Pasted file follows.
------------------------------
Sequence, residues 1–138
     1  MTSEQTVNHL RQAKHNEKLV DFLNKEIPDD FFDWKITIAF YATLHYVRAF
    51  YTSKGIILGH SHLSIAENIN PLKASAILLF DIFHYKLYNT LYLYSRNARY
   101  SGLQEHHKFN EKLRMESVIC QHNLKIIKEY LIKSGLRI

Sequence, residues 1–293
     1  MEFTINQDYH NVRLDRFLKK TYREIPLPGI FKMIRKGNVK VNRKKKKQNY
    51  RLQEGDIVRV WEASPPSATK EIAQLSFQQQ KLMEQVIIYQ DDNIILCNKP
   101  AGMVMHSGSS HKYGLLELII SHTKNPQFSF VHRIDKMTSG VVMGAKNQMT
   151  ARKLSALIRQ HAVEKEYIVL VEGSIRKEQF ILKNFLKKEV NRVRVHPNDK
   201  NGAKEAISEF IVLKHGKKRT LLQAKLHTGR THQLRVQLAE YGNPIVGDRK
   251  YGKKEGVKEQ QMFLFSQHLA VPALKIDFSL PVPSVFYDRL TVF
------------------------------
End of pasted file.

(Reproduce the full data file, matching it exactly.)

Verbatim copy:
Sequence, residues 1–138
     1  MTSEQTVNHL RQAKHNEKLV DFLNKEIPDD FFDWKITIAF YATLHYVRAF
    51  YTSKGIILGH SHLSIAENIN PLKASAILLF DIFHYKLYNT LYLYSRNARY
   101  SGLQEHHKFN EKLRMESVIC QHNLKIIKEY LIKSGLRI

Sequence, residues 1–293
     1  MEFTINQDYH NVRLDRFLKK TYREIPLPGI FKMIRKGNVK VNRKKKKQNY
    51  RLQEGDIVRV WEASPPSATK EIAQLSFQQQ KLMEQVIIYQ DDNIILCNKP
   101  AGMVMHSGSS HKYGLLELII SHTKNPQFSF VHRIDKMTSG VVMGAKNQMT
   151  ARKLSALIRQ HAVEKEYIVL VEGSIRKEQF ILKNFLKKEV NRVRVHPNDK
   201  NGAKEAISEF IVLKHGKKRT LLQAKLHTGR THQLRVQLAE YGNPIVGDRK
   251  YGKKEGVKEQ QMFLFSQHLA VPALKIDFSL PVPSVFYDRL TVF